Turkey’s Erdogan slams US over security guards charged in Washington brawl
Speaking at dinner on Thursday to break the Ramadan fast in Ankara, Turkey, President Recep Tayyip Erdogan asked, “What kind of a law is this?”
Police in Washington, DC announced Thursday they had brought charges and issued warrants against a dozen Turkish security officials involved in the outbreak of violence.
7 Turkish agents to face felonies, 5 to get misdemeanors after attack on Kurdish protesters in DC https://t.co/heX4CHzpys— RT America (@RT_America) June 14, 2017
Seven Turkish agents would be charged with felonies and five agents would face misdemeanor charges, according to the AP. The US ambassador to Ankara, John Bass, has been summoned for talks by the Foreign Ministry, as a result.
"This decision taken by US authorities is wrong, biased and lacks legal basis," Turkey's the ministry said in a statement. "The brawl in front of the Turkish ambassador's residence was caused by the failure of local security authorities to take necessary measures... Turkish citizens cannot be held responsible for the incident that took place."
Erdogan’s security detail returned with him to Turkey after his visit. Police displayed photos at the news conference of those sought, urging the public to help find some still unidentified.
Earlier Wednesday, two Turkish men living in the US had been arrested for their role in beating protesters outside the Turkish embassy on May 16. The incident, captured on video, provoked a diplomatic scandal.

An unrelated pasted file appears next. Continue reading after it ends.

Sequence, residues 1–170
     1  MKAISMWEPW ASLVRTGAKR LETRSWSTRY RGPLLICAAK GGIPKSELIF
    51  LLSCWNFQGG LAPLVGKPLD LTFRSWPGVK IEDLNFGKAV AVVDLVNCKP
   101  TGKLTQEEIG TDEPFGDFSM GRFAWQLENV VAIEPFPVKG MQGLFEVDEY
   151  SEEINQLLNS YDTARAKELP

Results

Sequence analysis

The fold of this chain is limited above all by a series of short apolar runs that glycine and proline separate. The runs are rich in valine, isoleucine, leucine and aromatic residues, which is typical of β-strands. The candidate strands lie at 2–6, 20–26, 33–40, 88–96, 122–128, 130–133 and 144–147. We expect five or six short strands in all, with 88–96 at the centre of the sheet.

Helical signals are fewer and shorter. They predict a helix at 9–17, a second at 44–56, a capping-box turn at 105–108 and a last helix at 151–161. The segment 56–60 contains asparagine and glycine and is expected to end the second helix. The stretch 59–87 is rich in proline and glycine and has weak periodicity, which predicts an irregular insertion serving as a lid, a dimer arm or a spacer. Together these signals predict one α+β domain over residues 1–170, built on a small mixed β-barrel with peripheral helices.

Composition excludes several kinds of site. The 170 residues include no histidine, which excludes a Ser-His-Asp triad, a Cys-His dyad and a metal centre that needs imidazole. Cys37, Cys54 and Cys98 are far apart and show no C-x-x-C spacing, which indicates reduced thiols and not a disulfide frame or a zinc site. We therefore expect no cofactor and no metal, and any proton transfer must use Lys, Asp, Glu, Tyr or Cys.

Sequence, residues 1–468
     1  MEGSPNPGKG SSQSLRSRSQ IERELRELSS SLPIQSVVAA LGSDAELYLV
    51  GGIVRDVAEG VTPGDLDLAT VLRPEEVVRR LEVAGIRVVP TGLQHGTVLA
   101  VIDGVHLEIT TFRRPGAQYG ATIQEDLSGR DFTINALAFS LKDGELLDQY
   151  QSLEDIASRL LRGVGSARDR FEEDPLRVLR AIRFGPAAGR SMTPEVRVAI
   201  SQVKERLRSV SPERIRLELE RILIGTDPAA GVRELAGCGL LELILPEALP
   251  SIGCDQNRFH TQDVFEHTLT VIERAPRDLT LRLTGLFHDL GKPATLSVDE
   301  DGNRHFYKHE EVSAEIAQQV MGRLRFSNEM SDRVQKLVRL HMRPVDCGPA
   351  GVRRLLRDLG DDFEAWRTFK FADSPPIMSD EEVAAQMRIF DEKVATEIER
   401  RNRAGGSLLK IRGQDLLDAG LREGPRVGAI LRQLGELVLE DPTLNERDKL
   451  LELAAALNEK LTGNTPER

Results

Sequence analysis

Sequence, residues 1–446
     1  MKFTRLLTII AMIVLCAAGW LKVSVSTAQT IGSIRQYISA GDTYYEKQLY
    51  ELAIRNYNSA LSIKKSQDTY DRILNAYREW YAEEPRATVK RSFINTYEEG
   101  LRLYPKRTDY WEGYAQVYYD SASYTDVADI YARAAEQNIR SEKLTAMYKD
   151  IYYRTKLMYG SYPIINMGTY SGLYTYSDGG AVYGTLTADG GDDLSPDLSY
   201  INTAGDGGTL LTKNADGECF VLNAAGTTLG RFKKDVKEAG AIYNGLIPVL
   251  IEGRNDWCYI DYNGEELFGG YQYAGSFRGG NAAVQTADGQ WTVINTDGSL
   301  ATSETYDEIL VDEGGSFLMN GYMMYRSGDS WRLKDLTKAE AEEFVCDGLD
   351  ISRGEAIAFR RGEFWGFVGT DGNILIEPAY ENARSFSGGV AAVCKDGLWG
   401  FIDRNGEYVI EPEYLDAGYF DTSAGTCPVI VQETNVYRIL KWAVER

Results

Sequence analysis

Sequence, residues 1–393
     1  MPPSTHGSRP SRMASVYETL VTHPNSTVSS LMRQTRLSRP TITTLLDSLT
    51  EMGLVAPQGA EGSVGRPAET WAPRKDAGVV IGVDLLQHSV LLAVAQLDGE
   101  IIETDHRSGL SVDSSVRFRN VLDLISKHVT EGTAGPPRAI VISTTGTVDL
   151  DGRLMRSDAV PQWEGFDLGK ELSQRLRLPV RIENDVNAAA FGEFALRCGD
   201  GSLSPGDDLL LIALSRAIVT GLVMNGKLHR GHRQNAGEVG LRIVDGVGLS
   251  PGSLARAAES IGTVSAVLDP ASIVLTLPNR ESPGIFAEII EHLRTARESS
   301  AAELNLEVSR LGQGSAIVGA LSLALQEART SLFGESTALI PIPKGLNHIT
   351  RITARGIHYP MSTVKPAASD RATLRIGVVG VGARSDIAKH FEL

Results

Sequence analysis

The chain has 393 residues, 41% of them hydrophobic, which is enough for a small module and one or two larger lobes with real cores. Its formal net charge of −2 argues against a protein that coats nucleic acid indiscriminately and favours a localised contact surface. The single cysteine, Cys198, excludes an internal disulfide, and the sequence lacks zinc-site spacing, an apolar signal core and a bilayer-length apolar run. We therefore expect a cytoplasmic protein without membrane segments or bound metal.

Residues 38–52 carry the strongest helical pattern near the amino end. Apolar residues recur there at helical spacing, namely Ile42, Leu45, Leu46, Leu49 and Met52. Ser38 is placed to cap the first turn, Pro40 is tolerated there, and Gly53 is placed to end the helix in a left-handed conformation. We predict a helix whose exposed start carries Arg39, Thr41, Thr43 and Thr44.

The State Department spokesperson told reporters that international law allows heads of state customary protections/immunity for members of an entourage, which they lose upon leaving the US.
“If they [the security agents] were to come back to the United States, they would have [outstanding] warrants,” said spokesperson Heather Nauert, who read a statement issued earlier by Secretary of State Rex Tillerson.
“The charges filed against 12 Turkish security officials send a clear message that the US does not tolerate individuals who use intimidation and violence to stifle freedom of speech and legitimate political expression,” said Nauert. “The State Department will continue to work with law enforcement and relevant authorities in the case. When an outcome is reached, the department will determine if any additional steps need to be taken.”
Relations were severely strained even before the incident, which came as Erdogan arrived May 16 at the Turkish ambassador’s residence after a White House meeting with President Donald Trump. Police said video showed security guards and some Erdogan supporters attacking a small group of protesters. Nine people were hurt.